Now, consider Ephesians 3:1-7.

1. For this reason I, Paul, the prisoner of Christ Jesus for you Gentiles— 2. if indeed you have heard of the dispensation of the grace of God which was given to me for you, 3. how that by revelation He made known to me the mystery (as I have briefly written already, 4. by which, when you read, you may understand my knowledge in the mystery of Christ), 5. which in other ages was not made known to the sons of men, as it has now been revealed by the Spirit to His holy apostles and prophets: 6. that the Gentiles should be fellow heirs, of the same body, and partakers of His promise in Christ through the gospel, 7. of which I became a minister according to the gift of the grace of God given to me by the effective working of His power.

In this passage, as discussed above, the Gentiles are called “joint” heirs, a “joint” body, and “joint” partakers of the Spirit’s promise in Christ through the gospel. There is no hint here of them being subservient. They are not graciously grafted into what is primarily an Israelite olive tree. They are not given a place as guests, and warned that they could lose that place if they cease to believe. Rather, they are placed as fellow, as equal, as joint in all things. They are on the same level as any Israelite. They are dependent upon no Israelite for the fact that they are heirs, that they are a body, and that they are partakers. They have received all these things jointly with every other believer, regardless of what nation they may be from.

There is nothing equal, joint, or fellow about Romans 11. The Jews are clearly in the superior place, and the Gentiles are clearly subservient and dependent upon Israel. And there is nothing subservient or dependent about Ephesians 3. All nations, whether they be Jews or Gentiles alike, are all joint, equal, and fellow. The contrast between these two statements cannot be denied. These two passages present two very different realities. So different, in fact, that we can say with confidence that these two facts could not be true of the same people at the same time.

So, though there were Gentile believers during the Acts period, when Romans was written, they were in a very different position and had a very different place compared to the Gentile believers after Acts 28:28, when Ephesians was written. Though in both cases the believers were Gentiles, the similarities really end there. So the mere presence of Gentile believers in the book of Acts does not prove that the work that was going on then was the same as what is happening today.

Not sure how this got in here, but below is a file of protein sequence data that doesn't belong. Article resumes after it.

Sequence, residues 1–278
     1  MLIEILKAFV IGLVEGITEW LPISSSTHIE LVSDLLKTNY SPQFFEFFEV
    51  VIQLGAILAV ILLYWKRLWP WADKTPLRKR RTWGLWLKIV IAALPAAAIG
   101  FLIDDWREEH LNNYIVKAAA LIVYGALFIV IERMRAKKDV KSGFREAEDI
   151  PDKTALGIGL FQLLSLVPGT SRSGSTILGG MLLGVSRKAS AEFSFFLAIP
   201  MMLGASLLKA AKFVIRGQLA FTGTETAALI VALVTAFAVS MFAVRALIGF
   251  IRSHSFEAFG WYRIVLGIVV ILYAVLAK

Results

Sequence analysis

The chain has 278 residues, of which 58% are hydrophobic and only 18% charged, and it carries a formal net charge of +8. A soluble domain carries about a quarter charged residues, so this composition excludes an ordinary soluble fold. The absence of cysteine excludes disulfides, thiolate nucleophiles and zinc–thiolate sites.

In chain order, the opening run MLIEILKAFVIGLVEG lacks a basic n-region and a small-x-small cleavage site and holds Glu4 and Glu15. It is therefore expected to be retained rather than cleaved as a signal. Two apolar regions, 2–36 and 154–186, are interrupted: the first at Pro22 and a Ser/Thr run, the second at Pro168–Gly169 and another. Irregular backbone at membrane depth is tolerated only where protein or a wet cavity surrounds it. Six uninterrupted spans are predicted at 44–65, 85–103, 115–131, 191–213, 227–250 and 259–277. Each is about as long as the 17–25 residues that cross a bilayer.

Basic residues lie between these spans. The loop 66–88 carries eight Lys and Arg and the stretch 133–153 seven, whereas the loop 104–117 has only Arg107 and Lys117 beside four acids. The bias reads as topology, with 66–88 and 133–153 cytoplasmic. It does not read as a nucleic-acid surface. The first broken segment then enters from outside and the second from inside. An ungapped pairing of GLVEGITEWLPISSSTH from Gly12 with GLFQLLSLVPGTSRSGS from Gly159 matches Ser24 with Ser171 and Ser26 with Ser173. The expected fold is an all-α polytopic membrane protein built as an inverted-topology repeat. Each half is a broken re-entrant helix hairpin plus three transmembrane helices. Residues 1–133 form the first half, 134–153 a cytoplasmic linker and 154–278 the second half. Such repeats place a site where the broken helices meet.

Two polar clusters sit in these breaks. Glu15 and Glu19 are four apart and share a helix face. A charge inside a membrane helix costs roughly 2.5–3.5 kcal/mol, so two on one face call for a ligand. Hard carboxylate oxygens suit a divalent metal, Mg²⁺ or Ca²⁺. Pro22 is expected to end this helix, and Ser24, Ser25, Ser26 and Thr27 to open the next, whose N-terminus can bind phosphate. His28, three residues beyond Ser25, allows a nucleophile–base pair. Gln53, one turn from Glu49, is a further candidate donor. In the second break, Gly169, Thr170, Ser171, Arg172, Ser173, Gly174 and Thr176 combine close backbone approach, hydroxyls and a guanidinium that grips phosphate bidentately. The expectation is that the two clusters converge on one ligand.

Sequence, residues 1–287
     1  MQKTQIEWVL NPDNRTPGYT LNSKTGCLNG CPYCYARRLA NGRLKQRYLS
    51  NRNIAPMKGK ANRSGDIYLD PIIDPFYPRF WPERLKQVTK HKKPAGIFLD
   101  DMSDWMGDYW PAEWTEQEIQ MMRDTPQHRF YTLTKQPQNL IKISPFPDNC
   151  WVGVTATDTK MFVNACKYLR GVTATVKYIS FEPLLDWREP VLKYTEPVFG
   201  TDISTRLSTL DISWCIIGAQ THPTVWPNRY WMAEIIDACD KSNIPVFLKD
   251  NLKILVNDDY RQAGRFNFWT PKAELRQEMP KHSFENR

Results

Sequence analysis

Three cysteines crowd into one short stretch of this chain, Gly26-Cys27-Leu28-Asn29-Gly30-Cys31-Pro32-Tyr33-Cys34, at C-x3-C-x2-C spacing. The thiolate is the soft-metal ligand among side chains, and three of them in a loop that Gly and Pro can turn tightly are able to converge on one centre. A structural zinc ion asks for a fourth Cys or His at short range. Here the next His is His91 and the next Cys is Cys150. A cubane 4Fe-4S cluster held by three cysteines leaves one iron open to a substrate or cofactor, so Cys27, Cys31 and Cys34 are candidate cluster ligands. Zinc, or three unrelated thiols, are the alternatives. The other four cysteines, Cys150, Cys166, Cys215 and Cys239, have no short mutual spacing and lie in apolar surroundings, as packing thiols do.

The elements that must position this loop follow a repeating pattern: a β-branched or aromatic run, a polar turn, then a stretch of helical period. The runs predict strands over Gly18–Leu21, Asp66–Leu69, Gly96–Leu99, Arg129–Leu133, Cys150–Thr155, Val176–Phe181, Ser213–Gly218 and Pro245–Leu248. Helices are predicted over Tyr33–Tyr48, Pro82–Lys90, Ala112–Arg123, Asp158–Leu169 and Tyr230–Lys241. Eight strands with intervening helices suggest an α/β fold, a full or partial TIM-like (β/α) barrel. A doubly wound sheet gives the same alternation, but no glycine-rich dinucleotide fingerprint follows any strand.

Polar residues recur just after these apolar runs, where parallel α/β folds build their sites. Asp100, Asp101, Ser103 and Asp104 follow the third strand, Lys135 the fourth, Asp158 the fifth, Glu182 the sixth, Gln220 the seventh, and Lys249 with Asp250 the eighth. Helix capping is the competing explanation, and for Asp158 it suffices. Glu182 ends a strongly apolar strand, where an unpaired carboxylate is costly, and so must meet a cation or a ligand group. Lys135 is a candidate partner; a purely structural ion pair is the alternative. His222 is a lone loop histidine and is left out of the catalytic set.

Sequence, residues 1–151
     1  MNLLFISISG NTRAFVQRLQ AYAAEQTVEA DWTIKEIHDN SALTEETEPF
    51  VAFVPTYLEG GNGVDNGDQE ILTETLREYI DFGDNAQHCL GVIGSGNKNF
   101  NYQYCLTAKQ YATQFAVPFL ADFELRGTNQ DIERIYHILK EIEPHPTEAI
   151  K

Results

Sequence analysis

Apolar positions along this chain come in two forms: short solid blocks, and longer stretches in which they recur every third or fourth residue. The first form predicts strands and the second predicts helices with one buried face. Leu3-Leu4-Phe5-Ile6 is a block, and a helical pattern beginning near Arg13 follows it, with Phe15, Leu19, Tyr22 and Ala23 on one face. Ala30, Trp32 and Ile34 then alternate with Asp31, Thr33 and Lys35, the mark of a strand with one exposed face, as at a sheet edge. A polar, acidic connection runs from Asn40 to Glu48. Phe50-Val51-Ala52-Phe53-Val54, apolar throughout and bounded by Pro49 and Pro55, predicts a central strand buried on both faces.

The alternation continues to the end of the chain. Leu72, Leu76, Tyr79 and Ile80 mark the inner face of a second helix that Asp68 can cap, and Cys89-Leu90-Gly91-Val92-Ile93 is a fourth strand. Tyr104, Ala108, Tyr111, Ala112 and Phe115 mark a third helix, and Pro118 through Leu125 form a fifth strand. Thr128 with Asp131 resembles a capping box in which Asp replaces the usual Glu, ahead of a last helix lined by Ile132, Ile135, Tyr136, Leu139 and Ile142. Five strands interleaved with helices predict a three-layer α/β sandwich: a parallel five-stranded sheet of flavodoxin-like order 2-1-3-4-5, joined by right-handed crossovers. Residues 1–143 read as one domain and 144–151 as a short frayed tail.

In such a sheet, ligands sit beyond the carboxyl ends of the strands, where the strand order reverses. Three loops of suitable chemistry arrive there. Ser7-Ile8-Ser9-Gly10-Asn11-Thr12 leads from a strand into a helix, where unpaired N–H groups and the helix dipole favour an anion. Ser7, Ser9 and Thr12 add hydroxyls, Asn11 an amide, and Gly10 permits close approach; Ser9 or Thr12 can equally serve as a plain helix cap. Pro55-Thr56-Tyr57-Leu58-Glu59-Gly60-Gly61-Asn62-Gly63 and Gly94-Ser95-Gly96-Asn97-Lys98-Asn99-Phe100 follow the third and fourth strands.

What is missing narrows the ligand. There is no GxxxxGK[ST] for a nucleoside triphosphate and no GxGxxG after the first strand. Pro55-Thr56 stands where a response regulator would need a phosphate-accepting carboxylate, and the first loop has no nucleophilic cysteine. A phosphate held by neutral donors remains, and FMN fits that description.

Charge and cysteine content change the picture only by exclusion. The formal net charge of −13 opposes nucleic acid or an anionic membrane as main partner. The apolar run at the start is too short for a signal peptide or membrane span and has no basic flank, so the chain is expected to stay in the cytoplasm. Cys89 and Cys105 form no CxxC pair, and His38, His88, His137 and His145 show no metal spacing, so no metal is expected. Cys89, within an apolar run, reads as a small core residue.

Those who believe in the transition period in the later half of Acts also make much of placing the second half of Acts in a transitional period wherein Paul is acting one way in doing his Kingdom work as he goes out and preaches to the nations, and yet is writing in a far different way when he writes his epistles. In fact, it might be said that the transition period was probably first suggested in order to keep Acts 28:28 as a dividing line, and yet still retain all of Paul’s books as being valuable for believers today. And yet this puts Paul in the very questionable light of having said one thing and done another. Did he really talk dispensation of grace in his writings, and act kingdom in his actions? If so, why didn’t his actions match up with his words? We have little respect for one whose precept seems to be, “Do as I say, not as I do.” Is this really what Paul was doing in the later Acts period?

This desire the mid-Acts dispensationalists have to retain all the books of Paul for themselves has caused them to ignore obvious kingdom conditions in the books of Paul written during the book of Acts. These are too numerous to list them all, and we are out of space for this article, but we will give some samples of Kingdom truth in Paul’s Acts period letters in our next message.